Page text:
Ohio in Photographs
Photographers Ian Adams and Randall Lee Schieber offer a fresh look at the history, energy and geographic diversity of the place we call home.
In one photograph, farmer Rick Moore shears a Merino sheep inside his Harrison County barn. Another shot captures weathered gravestones at Mound Cemetery in Marietta — the largest final resting place of American Revolutionary War officers in the United States.
They’re just two of the 288 images that show the many sides of Ohio — surprising, nostalgic, energetic, beautiful — depicted in Ohio in Photographs: A Portrait of the Buckeye State. The coffee-table book, which was published in March 2017 by Ohio University Press, features the work of photographers Ian Adams and Randall Lee Schieber, with accompanying text by Cincinnati writer John Fleischman and a foreword by Ohio Gov. John Kasich.
“I love Ohio and knew it would be fun to work with Randy [Schieber],” says Cuyahoga Falls resident Ian Adams, whose photos have appeared in 15 other books about the state, as well as in Fine Gardening, Horticulture, Country Gardens and Ohio Magazine. “I’m also glad that all 88 counties are represented.”
Gillian Berchowitz, director of Ohio University Press, explains the idea for the book was sparked after Gov. Kasich visited the Ohio Statehouse Museum Shop in search of a gift-worthy book about Ohio and couldn’t find one.
“We wanted to create a forward-looking picture of Ohio that captured the energy of now,” says Berchowitz.
Schieber, whose work has been published in six books, as well as The New York Times, Midwest Living and Ohio Magazine, was attracted to the project because of its scope of subjects.
“Ian concentrates on landscapes and gardens. I stay on that path, too, but I also like to photograph people, festivals and events,” says Schieber, who lives in Columbus.
The photographers allowed us a peek inside their camera cases to discover the secrets behind eight photos featured in the book.
“Fishing at Buck Creek State Park, Springfield. Clark County” by Randall Lee Schieber: “This was taken before digital, when I would occasionally use filters to bring out colors,” Schieber says. “A filter brings out more of what your eyes see. Otherwise, because of the limitations of film, a photo of even great color can look all washed out. The fisherman was perfect. I did have to take several shots to make sure the pole angle was right. Sometimes a little detail can make a photo work.”
“Buurma Farms, near Willard. Huron County” by Ian Adams (top of page0: “I visited one of the largest produce farms in Ohio, went out with one of the owners in his pickup truck, and we got bogged in one of the fields,” Adams recalls. “I had permission to take pictures of migrant workers, but I did it discretely. This farm provides free schooling for all the children of the workers, as well as rent-free apartments.”
“Amish Girl on Bicycle. Holmes County” by Randall Lee Schieber : “Shooting in Amish country can be a little frustrating because of the way the Amish feel about photos,” says Schieber. “But you have to respect that. A lot of what I shoot there is not up close. The landscape is beautiful on its own, but you can spend hours waiting to be in the right place at the right time. Then this Amish girl on the bicycle came down the road. She came out of nowhere. I thought, This is perfect.”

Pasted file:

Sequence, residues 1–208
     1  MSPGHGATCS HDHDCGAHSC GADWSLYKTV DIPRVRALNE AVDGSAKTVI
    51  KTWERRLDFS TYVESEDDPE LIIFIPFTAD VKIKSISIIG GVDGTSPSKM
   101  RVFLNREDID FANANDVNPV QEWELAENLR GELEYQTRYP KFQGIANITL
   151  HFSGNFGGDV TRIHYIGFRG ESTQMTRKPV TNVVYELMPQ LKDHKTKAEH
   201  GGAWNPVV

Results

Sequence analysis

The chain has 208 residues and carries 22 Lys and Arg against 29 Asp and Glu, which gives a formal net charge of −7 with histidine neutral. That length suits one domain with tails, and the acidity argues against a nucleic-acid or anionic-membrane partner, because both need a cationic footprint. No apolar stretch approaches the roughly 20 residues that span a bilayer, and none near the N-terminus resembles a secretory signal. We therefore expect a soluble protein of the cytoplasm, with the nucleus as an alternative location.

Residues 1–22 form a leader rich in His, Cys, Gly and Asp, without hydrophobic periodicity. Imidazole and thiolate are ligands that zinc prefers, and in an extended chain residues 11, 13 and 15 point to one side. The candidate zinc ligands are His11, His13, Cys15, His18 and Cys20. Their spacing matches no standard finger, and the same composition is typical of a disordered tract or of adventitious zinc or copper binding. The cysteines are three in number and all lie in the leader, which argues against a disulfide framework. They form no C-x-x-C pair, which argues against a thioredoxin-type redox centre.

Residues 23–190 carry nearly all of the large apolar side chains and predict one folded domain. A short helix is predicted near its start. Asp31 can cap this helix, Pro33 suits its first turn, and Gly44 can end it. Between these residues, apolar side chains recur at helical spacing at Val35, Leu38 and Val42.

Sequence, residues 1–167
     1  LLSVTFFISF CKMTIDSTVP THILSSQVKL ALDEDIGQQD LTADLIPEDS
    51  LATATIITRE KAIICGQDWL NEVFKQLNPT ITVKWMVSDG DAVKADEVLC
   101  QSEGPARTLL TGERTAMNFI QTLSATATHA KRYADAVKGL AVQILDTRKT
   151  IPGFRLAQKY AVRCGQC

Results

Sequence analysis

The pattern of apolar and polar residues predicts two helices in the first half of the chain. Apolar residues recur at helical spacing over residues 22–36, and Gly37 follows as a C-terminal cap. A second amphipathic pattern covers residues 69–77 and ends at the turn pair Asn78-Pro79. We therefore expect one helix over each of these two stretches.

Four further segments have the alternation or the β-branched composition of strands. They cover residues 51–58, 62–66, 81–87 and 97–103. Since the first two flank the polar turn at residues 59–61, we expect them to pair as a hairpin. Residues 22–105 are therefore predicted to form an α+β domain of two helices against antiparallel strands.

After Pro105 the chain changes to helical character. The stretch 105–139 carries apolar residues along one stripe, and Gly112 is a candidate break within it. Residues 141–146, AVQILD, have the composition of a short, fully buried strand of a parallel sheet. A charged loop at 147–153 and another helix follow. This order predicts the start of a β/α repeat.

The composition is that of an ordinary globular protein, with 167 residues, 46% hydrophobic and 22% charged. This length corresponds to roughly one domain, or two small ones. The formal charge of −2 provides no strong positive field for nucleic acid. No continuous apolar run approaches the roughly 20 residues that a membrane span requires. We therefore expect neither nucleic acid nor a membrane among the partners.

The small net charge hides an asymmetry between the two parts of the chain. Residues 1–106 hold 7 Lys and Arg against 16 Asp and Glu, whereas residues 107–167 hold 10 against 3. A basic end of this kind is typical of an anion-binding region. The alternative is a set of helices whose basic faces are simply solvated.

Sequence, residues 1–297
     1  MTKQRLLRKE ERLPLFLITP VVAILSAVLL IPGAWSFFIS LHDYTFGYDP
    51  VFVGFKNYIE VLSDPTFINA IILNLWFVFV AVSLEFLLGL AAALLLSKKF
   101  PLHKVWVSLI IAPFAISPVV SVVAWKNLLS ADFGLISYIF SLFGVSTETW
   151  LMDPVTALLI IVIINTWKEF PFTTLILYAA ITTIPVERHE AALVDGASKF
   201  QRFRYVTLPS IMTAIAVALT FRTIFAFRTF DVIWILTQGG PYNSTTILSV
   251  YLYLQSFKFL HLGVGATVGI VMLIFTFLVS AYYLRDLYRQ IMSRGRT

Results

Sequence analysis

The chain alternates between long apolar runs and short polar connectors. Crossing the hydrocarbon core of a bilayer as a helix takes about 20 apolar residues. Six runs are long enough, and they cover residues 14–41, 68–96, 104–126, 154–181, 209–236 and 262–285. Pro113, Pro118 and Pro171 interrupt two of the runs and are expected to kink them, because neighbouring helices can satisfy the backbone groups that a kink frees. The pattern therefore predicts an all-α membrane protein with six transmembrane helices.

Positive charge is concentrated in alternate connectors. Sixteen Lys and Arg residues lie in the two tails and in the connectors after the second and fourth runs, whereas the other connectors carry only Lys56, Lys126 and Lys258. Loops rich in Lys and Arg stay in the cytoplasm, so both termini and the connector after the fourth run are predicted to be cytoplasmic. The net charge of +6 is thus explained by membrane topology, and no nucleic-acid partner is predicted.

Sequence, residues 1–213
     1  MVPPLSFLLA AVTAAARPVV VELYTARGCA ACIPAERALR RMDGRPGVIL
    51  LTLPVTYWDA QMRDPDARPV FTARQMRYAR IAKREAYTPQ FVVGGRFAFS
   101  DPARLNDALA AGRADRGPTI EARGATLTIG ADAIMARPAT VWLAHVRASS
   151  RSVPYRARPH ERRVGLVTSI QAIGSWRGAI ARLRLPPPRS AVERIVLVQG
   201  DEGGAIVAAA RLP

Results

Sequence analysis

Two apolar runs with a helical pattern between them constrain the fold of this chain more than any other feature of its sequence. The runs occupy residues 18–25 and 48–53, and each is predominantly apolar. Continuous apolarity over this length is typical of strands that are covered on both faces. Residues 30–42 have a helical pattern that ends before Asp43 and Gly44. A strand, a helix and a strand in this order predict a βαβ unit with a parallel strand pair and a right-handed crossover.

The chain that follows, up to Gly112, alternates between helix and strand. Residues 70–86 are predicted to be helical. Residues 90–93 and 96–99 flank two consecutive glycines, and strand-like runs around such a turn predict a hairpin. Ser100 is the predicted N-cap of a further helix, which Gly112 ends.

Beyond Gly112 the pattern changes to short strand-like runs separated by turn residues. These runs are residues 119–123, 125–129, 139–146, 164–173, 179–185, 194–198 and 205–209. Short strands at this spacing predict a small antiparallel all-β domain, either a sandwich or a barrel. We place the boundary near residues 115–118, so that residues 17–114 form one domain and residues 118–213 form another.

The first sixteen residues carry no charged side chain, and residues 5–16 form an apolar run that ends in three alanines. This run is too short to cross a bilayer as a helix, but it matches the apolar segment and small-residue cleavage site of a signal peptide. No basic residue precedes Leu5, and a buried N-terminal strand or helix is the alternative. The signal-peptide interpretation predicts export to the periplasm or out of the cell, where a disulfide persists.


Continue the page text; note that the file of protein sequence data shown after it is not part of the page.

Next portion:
“Clifton Mill Gas Station Museum, Clifton. Greene County” by Ian Adams: “I discovered the Clifton Mill about 30 years ago,” Adams says. “It’s picture-postcard perfect for any photographer or artist — red building, paddle wheel, waterfalls. But right when you pull into the parking lot, there’s also this little building covered with gas station signs. It’s a slice of Americana. I can’t resist the roadside stuff.”
“Monarchs, Wendy Park, Cleveland. Cuyahoga County” by Ian Adams: “From time to time, in mid-to-late September in a few places along the Lake Erie shoreline, we get a large concentration of monarchs headed south,” says Adams. “I saw this group, which was 45 feet up in trees ... I took a couple hundred photographs, of which only two were sharp and useful. Monarchs are declining and we have lost about 90 percent worldwide.”
“Ash Cave, Hocking Hills State Park. Hocking County” by Randall Lee Schieber: “Hocking Hills is great in the summer, but the best time is spring after heavy rains,” says Schieber. “I had photographed the falls before and it’s beautiful. But a mother and her child came into this scene, and it was almost like there was a director — someone saying, ‘Just move a little over to that mark.’ She stopped like she knew exactly what to do for my photograph. It was absolute serendipity.”
“Polar Bear, Columbus Zoo and Aquarium. Delaware County” by Randall Lee Schieber: “I was outside shooting through the big glass window of the polar bear aquarium,” says Schieber. “It was midmorning and the sun was directly behind the polar bear. It was also feeding time. The backlighting was important. It’s dramatic and not flat. You see the big paw and the single fish — it tells a little more about the story. Polar bears can be fierce, but this one is looking right at you and looks like a big teddy bear. You don’t know it’s a zoo.”
“Dickinson Cattle Company, near Barnesville. Belmont County” by Ian Adams: “I was driving along Muskrat Road when I saw all three species of the cattle on this ranch — Texas longhorn, Watusi and Buelingo — together,” says Adams. “I couldn’t have posed them for a better shot. It looks staged, but it isn’t. I screeched the car to a halt, grabbed my camera and walked slowly closer thinking, Guys, don’t move.”
For more information about Ohio in Photographs: A Portrait of the Buckeye State, visit ohioswallow.com.